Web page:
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Reject Mass Migration or Face The Consequences, Migration Expert Tells West

A German expert on migration has stated that Europe is at risk unless it stops resettling large numbers of migrants, and recommended that the bloc’s entire approach to asylum must be overturned.

In an interview with Die Welt, Dr. Kay Hailbronner warned that in terms of capacity and national security, resettling migrants is the wrong approach for countries in the West. Dr. Hailbronner is a professor emeritus of the University of Konstanz and director of its Research Centre for International and European Immigration and Asylum.

Asked whether the federal government’s migration policy puts Germany at risk, Dr. Hailbronner said that rising numbers of immigrants always pose an increased security threat.

“An increase in the number of asylum seekers naturally increases the security risk because it can never be ruled out that there are dangerous people among them. In addition to this general factor, the risk was again increased in that [Merkel’s open borders policy led to an even more] excessive demand,” he told Die Welt.

Die Welt brought up the fact that Canada, Australia, and the USA “take very few irregular migrants but more refugees who have been screened from the centres within the conflict region”. Dr. Hailbronner acknowledged that this process can reduce the security risk but that along with background checks, countries should assess migrants’ willingness to integrate.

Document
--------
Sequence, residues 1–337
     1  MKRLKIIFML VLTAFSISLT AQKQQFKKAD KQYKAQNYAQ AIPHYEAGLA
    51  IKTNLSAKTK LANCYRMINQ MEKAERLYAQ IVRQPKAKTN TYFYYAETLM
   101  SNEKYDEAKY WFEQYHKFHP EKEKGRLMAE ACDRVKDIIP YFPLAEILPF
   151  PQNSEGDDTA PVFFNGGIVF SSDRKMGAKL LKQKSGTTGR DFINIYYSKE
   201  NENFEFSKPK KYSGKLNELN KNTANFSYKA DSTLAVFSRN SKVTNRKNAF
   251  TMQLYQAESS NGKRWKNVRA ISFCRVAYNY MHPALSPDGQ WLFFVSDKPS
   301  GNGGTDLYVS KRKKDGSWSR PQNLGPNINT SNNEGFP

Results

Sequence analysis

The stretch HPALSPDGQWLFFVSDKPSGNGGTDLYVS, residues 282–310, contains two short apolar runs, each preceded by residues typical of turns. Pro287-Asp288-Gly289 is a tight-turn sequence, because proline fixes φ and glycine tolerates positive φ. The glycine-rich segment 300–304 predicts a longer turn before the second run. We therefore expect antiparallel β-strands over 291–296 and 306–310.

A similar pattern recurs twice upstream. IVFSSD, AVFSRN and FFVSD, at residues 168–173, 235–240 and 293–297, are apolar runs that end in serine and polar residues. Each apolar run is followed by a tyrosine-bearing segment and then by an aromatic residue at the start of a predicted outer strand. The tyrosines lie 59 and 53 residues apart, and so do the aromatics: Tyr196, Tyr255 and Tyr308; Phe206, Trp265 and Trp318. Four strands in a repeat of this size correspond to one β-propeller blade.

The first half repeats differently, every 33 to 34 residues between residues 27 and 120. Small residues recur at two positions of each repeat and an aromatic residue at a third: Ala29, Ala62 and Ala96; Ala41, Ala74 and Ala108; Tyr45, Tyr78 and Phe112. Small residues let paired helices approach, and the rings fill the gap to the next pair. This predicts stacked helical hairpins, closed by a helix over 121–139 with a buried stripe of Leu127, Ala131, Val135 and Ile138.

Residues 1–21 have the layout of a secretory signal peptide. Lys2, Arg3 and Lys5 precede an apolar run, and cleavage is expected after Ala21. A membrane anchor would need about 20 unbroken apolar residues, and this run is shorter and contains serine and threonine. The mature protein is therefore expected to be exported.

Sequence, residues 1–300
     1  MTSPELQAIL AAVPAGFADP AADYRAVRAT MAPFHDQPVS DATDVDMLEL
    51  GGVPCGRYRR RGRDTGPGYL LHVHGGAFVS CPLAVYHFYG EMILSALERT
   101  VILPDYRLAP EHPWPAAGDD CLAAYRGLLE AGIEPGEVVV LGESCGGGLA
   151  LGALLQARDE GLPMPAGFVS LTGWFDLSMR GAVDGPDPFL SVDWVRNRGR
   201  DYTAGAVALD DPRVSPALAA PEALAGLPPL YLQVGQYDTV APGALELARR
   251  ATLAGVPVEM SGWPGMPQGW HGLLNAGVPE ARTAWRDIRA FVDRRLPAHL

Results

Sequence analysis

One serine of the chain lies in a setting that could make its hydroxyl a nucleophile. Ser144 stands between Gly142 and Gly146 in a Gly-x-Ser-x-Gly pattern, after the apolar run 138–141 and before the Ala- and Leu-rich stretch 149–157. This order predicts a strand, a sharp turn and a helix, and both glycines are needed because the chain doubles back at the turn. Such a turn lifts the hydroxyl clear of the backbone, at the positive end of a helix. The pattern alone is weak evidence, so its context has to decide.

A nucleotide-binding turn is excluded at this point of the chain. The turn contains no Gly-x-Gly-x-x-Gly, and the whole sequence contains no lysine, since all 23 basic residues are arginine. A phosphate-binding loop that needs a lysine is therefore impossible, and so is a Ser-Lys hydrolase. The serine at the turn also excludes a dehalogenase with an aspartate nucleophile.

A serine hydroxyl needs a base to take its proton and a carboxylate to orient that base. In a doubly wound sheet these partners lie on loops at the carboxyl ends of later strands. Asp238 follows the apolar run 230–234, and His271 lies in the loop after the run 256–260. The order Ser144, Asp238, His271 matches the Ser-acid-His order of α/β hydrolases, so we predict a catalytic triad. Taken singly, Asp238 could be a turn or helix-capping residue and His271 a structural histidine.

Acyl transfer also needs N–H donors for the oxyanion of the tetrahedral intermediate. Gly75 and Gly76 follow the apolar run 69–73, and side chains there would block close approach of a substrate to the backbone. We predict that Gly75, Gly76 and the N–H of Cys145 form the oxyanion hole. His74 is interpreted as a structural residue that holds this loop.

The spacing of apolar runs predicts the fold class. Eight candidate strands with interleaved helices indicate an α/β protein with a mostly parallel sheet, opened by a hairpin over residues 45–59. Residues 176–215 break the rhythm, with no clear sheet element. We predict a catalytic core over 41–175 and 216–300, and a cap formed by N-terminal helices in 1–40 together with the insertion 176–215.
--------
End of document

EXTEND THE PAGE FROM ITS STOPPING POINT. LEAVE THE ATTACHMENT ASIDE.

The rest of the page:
The interviewer asked whether Germany should follow those countries and take people from camps while minimising irregular migrants. Dr. Hailbronner insisted resettling migrants from camps is not the solution.

Dr. Hailbronner said that approach “ignores the fact that refugee protection in the long term can not be realised without regard to national capacity and security interests”.

He recommended that a global approach should be developed to protect people seeking asylum, one which “understands refugee protection is part of an international refugee management, involving many States.

“Not only through resettlement or other recording programmes, but also through joint financing and agreements on external protection areas.”

Dr. Hailbronner stated that resettlement should be temporary, and criticised the Geneva Convention’s demand that countries must facilitate the naturalisation of refugees. He pointed out that the Convention’s rules neglect the security needs of member states, and said they should be revised.

The professor said: “The approach of the Geneva Convention, namely national granting of protection and connection of non-refoulement with immigration and naturalisation, fails to recognise the different protection needs and security interests of the Member States and the need for international control and inspection. The Geneva Convention is, so far, partially in need of revision.”

With regards to how the European Union (EU) should respond to irregular migration, Dr. Hailbronner advocated “a return to EU-funded centres or protection zones or third countries in the region”.

Dr. Hailbronner said Germans “would pay” for “an increasing exposure to a large number of refugees from other cultures”. The legal scholar argued widescale integration is unsustainable, and that incidents such as the Ansbach axe attack are “the price” of Germany’s open door approach.

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